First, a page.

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Does epidural or spinal anaesthesia have any particular advantage over a general anaesthetic?
Most people will say yes. Firstly, it allows the mother to be awake and therefore witness the birth of her baby. She can hold the baby moments after delivery while the surgeons are continuing with their work.
Secondly, her partner is allowed to be by her side, if she is awake. This allows for the family atmosphere to be maintained at this very crucial and emotive time in their lives. It all augurs well for bonding.
Additionally, complications are fewer with regional anaesthesia, compared to general anaesthesia.
Why is spinal or epidural termed "regional" anaesthesia?
Because the effects are confined to only a particular section of the body and the upper half is left untouched.
What are the potential complications of regional anaesthesia?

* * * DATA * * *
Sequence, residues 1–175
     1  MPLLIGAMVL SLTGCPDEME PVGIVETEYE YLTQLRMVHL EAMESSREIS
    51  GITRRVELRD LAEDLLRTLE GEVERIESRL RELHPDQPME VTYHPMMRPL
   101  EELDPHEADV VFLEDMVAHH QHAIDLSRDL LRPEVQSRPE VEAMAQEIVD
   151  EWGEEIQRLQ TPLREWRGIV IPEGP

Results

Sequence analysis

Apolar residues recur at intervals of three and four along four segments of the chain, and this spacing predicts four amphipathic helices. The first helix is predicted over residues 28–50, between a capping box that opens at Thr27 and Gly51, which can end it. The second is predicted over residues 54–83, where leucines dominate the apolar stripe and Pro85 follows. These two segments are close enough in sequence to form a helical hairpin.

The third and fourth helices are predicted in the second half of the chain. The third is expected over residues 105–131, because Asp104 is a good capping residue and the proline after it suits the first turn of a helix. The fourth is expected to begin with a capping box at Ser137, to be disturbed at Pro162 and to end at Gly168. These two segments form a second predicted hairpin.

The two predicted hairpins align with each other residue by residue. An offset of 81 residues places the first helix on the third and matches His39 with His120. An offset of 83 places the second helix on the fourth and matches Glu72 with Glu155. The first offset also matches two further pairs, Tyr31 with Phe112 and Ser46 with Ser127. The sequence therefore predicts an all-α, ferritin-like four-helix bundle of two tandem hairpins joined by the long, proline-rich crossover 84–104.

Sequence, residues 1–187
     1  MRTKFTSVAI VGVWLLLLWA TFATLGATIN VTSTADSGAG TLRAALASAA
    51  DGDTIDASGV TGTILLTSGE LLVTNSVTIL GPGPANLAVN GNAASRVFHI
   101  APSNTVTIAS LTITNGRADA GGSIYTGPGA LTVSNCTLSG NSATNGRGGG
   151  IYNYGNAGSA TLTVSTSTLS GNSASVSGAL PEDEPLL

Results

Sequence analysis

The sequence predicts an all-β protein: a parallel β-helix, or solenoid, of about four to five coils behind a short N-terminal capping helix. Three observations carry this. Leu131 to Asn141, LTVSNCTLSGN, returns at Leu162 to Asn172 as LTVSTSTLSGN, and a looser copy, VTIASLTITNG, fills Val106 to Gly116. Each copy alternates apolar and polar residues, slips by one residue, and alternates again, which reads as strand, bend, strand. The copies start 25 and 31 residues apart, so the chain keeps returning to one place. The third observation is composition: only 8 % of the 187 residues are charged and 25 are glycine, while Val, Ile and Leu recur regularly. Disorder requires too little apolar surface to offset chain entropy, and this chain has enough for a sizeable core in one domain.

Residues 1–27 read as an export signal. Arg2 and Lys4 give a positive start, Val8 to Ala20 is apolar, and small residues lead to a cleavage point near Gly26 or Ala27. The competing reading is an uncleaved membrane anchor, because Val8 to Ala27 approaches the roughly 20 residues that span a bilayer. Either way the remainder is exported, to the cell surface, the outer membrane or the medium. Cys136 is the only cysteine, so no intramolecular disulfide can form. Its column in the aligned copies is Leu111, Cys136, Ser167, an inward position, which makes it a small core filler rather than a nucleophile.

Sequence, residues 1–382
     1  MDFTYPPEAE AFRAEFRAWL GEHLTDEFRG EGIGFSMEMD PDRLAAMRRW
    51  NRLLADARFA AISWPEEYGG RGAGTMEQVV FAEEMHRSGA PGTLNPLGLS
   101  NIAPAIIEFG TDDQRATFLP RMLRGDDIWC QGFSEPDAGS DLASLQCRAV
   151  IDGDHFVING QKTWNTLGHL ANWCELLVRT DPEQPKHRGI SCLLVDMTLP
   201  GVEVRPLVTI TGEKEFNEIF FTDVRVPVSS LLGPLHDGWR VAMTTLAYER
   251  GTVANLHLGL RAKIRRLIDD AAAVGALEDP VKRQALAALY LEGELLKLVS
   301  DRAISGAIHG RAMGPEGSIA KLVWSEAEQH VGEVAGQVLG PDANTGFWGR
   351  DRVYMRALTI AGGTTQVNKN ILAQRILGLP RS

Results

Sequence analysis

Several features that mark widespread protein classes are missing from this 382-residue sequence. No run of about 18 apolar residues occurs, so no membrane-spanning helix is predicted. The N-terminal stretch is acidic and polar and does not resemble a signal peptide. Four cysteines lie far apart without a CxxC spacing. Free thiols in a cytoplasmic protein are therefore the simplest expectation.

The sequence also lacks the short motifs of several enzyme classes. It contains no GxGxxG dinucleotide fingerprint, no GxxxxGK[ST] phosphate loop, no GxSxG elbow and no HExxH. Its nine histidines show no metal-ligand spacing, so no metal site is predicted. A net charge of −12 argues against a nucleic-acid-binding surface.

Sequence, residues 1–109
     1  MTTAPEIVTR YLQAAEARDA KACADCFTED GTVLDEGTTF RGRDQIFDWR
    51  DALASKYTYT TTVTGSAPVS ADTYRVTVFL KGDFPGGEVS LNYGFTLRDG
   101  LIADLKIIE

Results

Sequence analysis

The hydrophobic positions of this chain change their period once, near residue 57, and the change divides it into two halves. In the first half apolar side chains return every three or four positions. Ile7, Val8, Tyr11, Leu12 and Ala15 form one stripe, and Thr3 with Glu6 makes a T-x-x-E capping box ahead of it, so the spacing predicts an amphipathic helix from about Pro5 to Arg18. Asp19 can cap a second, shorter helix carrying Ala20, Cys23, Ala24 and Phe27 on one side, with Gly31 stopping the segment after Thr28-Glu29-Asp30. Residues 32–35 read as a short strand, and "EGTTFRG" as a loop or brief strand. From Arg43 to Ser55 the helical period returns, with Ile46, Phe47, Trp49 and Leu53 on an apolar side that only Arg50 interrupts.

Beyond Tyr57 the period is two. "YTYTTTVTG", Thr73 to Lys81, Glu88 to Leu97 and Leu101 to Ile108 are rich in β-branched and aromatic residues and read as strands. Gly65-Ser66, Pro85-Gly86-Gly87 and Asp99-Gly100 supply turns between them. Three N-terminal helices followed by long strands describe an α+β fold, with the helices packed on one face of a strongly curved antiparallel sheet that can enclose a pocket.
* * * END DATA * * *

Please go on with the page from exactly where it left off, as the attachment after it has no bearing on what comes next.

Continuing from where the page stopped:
The most common is a drop in blood pressure, and this is easily dealt with.
Occasionally, patients have post-spinal headache, which may last a few days and can be quite debilitating as it is felt with change of posture (usually from a flat position to a sitting or standing position). This can also be effectively dealt with.
Rarely, an abscess or blood-clot (haematoma) may form at the injection site. The symptoms are progressively worsening backache within a day or so of the procedure. It occurs with the epidural rather than spinal.
Occasionally, after starting the operation, it is discovered too late that the spinal or epidural is not fully effective and the patient is in some pain. There is then no choice but to resort to giving a general anaesthetic. This can be quite upsetting for someone who had wanted to stay awake. Fortunately, this is quite uncommon.
What are the potential complications of general anaesthesia?
"Aspiration" is the feared complication of a general anaesthetic. The unconscious patient undergoing the operation may vomit and breathe the vomited stuff into the airway. This can result in her being quite ill for days afterwards. This is why any mother who is to undergo a caesarean section will be given an injection of a drug to reduce the production of acid in the stomach and an antacid drink to neutralize the acid that is already there.
The other common complication is lowering blood pressure. As with the regional anaesthesia, general anaesthesia can lower the blood pressure.